The Nagas

Hill Peoples of Northeast India

Project Introduction The Naga Database

book - 'Naga Path', by Ursula Graham Bower, published John Murray 1950

caption: Chapter seventeen. Fire, Fire!
caption: danger of fire
medium: books
person: Graham Bower/ Ursula
text: (130) The camp's position on an open spur, with a grassy cliff below it and an open valley in front, had certain very obvious advantages from the point of view of light, air and space; but it had one major disadvantage - the danger from grass fires. We found this out our very first spring there.
text: Much of the Zemi country, whose natural vegetation was certainly forest, had, by over-cultivation, been reduced to grass; and not for nothing did every village on an exposed site have a thick belt of woodland round it. In the late spring, tinder-dry weather combined with high winds to make deadly danger, and it was no uncommon thing then to see a whole village's possessions, most of them shut up in stout cane jappas, standing or heaped in some comparatively safe place on the edge of the site for days on end.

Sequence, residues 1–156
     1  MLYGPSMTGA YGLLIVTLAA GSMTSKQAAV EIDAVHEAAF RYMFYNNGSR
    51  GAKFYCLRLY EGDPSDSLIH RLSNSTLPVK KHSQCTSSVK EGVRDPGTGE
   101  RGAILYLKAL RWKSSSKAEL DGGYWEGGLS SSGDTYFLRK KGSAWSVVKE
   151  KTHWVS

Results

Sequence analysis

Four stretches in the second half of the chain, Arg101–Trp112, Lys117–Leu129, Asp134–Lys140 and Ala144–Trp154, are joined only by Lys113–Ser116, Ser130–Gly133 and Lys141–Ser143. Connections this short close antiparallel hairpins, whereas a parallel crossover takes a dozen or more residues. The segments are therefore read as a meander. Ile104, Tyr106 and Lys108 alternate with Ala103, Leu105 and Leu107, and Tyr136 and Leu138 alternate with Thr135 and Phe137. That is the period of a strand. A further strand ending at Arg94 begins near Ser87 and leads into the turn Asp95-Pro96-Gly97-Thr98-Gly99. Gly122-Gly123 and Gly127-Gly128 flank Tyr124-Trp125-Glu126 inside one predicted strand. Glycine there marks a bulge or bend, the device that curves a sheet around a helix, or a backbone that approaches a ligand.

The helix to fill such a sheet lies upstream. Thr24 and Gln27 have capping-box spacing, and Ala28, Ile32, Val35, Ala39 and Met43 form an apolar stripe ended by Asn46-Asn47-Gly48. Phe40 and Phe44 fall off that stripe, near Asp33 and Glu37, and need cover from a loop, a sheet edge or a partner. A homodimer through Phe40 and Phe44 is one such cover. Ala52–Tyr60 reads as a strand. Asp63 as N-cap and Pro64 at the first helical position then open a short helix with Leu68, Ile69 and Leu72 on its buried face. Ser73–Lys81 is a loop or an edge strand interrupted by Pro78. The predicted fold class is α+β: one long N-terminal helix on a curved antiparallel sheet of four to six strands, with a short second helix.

text: The risk was first borne in on us when Laisong had a scare. The drums were beaten - the emergency signal, to call the men back from the fields - and, in a fever of ant-like activity, men cut firebelts in the ravine below, women and girls ran scurrying down with water, old men evacuated the valuables and livestock, and the most complete alarm and confusion reigned for the rest of the afternoon. I inquired, a little tentatively, whether our spur was safe.
text: " Oh ! " said the headman cheerfully. " The flames go sweeping right over it every year ! "